2007: 18). Determining variables themselves rely on interpretation (Kurzman 1996; McAdam
et al. 1996). In regard to political opportunity structures (POS) these variables can comprise:
"the level of formal and informal access to political institutions and decision making, the
degree of the political system receptivity to challenger groups, the prevalence of allies and
opponents, the stability of the ruling elite coalition, the nature of state repression, and state
institutional capacity" (Wiktorowicz 2004: 14; Tilly 1978; Kitschelt 1986; Tarrow 1994;
McAdam et. al. 1996). In addition, Wiktorowicz includes "cultural, social and economic" op-
portunities likewise (Wiktorowicz 2004: 14).
3. The Al-Houthi Movement: Origin and Development
3.1. Zaydi History, Culture and Identity 893­1962
The Houthi movement has deep roots in Yemeni history and Zaydi Islam as its foundation.
During the eighth century Zaydism emerged as the oldest branch of Shi'a Islam and -- in
recognition of Zayd ibn Ali as the fifth rightful Caliph -- is also known as "fiver" Shi'a in com-
parison to the ,,sevener" Shia (Isma`ilism) and the "twelver" Shi'a, which is the state religion in
nowadays Iran. A core maxim which is in contrast to Sunni Islam, is called "khuruj" ("coming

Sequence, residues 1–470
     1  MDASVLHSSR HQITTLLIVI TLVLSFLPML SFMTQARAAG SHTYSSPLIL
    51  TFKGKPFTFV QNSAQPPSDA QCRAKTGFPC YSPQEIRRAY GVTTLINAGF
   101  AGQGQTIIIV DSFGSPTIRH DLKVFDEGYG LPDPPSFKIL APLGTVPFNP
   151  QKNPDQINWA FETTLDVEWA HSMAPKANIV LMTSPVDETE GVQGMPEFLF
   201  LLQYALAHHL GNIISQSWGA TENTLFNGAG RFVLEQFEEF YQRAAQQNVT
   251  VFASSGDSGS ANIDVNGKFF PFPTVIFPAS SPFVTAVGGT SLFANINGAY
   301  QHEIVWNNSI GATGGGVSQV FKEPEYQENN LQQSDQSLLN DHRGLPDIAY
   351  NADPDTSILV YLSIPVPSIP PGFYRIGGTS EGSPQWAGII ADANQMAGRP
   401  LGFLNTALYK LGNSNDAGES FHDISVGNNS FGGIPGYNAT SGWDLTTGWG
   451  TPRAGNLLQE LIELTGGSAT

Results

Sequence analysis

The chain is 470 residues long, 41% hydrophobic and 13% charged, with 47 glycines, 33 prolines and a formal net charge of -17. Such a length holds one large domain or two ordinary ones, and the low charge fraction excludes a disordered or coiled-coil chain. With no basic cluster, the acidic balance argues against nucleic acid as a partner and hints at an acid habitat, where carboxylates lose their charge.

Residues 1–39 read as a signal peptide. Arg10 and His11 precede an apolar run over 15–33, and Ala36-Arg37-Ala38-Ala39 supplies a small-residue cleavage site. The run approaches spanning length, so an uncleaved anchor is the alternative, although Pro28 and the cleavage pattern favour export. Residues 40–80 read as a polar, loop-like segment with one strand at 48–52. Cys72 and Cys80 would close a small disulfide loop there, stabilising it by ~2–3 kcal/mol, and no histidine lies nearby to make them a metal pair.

out"), meaning the uprising against an unjust ruler, which Zayd himself followed against the
Umayyad Caliphate in Kufa, resulting in his martyr death in 740. By 893 Imam Yahya bin al-
Husayn, a sayyid (pl. sa'ada), meaning a member of the Zaydi nobility and a Hashemite clan-
member, became the first to establish an Imamate in Sa'ada in northern Yemen, which be-
came a strong and tolerant Zaydi State, that lasted for over 1000 years and thereby effec-
tively resisted the Ottomans' occupation in the North from the 1870s until 1918 as well as the
British rule in the South from the 1830s to 1967 (Dumm 2010: 71).

7
However, a Cairo-backed republican revolution (vom Bruck 2005: 7) terminated the reign
of Mohammad al Badr as the last Imam in September 1962 and thus the social and political
beneficiaries for the Zaydi community. Instead, Ali Abdullah Saleh was appointed the first
President of the northern Yemen Arab Republic (YAR), which was divided from the southern
People's Republic of Yemen (PDRY) (A.3) until unification in 1990 (A.4). His successor Ali
Abdullah Saleh served as president of YAR from 1978 until 1990 and subsequently as presi-